Nothing is better than asking women to talk about women in motorsports. In collaboration with our partners France Racing, we gathered three women writers about motorsports. Nina Rochette from, Dorothée Julien from France Racing and Chloé Hamon, also from France Racing took part in a chat about women working in motorsports.

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Second part

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Fourth part

Let’s talk about grid boys. The idea was to replace women on the grid but it didn’t please Sebastian Vettel. Do you think it is a good idea to replace women by men here ? Even only to desacralize the image?

Dorothée: It’s only commercial! There is not the idea that the woman only holds a sign. Otherwise we would use kids for that!

Nina: Here we have a good idea!

Dorothée: Showing a man wearing a tight t-shirt and a short has nothing to do with this. It’s only commercial reputation.

Nina: They got rid of grid girls in WEC. However in DTM, there is that strong culture of the grid girl. They wear flashing yellow overalls for the Deutsche Post. There are 2 or 3 photoshoots during the week-end if you want to take pictures with them! You just need to go onto DTM’s twitter account to see how they treat women…

The idea of having kids, like in football, standing next to their role model on the grid is a good idea, although there is still a problem of security.

Chloé: Alongside DTM, there is MotoGP.

Nina: For a moment, Marc Marquez used his brother, Alex, as grid boy.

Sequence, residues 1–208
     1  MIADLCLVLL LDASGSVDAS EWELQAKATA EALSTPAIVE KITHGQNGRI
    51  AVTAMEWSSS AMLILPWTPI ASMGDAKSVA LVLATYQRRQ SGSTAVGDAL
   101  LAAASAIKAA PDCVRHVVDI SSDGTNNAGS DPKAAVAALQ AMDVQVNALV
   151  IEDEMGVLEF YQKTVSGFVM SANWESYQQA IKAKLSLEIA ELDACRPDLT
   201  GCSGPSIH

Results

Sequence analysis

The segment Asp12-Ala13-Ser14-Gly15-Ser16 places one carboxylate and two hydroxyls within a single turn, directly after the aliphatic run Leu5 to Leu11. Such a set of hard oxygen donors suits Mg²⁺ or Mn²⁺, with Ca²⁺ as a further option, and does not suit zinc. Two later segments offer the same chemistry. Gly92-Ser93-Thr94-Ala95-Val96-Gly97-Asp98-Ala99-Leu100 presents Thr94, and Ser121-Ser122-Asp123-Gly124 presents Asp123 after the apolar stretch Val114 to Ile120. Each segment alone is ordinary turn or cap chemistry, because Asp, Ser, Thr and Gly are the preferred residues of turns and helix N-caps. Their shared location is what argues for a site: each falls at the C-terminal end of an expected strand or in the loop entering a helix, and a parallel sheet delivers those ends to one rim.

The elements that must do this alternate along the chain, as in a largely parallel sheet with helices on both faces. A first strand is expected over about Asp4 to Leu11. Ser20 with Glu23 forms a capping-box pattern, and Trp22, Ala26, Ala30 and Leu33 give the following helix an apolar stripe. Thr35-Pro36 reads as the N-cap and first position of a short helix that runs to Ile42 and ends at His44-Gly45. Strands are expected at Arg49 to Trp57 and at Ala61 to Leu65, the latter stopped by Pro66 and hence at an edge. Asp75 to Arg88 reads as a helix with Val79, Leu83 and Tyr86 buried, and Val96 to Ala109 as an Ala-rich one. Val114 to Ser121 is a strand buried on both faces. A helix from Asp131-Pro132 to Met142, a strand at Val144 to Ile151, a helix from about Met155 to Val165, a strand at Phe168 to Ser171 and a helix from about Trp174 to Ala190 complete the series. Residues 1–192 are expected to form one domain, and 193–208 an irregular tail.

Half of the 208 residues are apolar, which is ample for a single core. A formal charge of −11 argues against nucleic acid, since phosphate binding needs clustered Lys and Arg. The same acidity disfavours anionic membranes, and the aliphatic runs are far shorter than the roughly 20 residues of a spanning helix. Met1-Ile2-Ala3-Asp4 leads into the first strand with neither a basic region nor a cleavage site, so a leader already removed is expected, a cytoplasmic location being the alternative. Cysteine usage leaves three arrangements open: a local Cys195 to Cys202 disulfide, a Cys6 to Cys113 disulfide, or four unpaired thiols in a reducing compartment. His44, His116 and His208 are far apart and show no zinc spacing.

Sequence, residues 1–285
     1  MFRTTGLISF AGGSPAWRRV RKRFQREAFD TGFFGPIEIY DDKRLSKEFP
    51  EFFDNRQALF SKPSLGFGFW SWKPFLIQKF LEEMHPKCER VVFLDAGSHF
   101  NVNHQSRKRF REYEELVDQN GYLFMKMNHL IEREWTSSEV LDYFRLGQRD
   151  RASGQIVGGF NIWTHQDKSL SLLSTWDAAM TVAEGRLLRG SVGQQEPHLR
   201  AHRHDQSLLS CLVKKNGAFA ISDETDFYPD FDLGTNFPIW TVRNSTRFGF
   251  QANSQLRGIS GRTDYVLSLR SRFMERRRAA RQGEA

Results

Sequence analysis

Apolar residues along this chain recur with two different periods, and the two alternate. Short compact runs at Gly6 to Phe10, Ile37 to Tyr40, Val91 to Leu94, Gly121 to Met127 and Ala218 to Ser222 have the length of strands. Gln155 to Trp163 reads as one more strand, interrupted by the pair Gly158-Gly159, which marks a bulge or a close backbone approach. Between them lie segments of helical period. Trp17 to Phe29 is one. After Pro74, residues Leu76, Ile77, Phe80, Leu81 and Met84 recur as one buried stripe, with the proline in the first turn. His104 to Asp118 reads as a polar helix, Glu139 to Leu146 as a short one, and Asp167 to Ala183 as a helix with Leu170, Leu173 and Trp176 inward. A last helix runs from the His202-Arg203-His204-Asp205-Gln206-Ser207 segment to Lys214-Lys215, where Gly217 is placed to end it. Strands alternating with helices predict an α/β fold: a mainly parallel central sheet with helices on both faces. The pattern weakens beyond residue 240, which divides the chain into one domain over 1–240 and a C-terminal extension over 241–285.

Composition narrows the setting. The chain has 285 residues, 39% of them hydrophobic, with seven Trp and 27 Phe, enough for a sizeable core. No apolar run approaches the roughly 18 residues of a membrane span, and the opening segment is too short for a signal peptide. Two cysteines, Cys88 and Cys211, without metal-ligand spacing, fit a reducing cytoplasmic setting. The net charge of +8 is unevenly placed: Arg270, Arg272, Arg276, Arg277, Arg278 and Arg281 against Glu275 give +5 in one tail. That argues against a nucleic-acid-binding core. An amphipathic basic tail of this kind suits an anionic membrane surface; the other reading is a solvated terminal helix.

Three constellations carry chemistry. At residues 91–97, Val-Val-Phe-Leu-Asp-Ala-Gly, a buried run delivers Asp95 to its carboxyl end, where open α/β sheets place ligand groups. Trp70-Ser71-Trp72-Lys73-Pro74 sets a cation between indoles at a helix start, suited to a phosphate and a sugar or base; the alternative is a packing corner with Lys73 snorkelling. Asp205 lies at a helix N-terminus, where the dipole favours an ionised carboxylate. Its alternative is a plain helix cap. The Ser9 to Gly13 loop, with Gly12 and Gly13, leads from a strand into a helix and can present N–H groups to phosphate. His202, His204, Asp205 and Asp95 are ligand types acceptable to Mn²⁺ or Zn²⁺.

Dorothée: We interviewed one for FranceRacing. They are only girls who work, and not for a lot of money. Then, it’s all about exploitation of the image of women that is to be questioned. I am not against having women standing in front of a car. What bothers me is when she is half naked, implying she is only here for her body.

Nina: Or to represent a brand like in DTM.

The grid girl is more a marketing tool than a green plant standing there…

Dorothée: In F1, you always have photos of grid girls, especially in Hungary where they are famous for being the most beautiful of the world.

Nina: There are also those who applause in the cool room corridor… they don’t have much utility. A grid girl holding a sign to see the name of the driver and his number, ok. But here I don’t see why…

Dorothée: It’s ridiculous!

Isn’t it a way to show the admiration of the woman for a driver? Like groupies?

Dorothée: That’s it!

Nina: That’s how we are seen.

Dorothée: Here is the problem…

Chloé: Moreover, some of them only learned the name of the driver half an hour before. Most of them to it for the job but some of them are passionate.

Nina: For the Grand Prix of Pau, most of them are local students. In F1, they are models.

Dorothée: If we got rid of grid girls in F1, no one would care. It wouldn’t change anything.

To conclude, if you had to inspire a girl to get interested into motorsports or event to have a career in it, what advice would you give her?

Nina: Don’t give up! No matter what she can be told, if she doesn’t feel legit, she doesn’t have to be! What we have below out belt doesn’t define what we like! If she wants to like motorsports, so be it! If she wants to see a Grand Prix, don’t hesitate! If she wants to work into motorsport, good luck because you’ll need it! She needs to continue, although it’s difficult because once you’re there, it’s awesome!

Chloé: If she wants to cheer up, Susie Wolff made a group with a lot of people [Dare to be Different]. There, we realise there are many women working to motorsports and more girls who want to work here than one may think. This group allows us not to feel alone and to show us that if we keep working, we will succeed.

Dorothée: In general, world doesn’t need to be defined by men. Also, women have their place in motorsports. Just don’t hesitate and go for it. Once everything is settled, you have to say although it’s complicated. The years going by, it will be easier.


Translated from French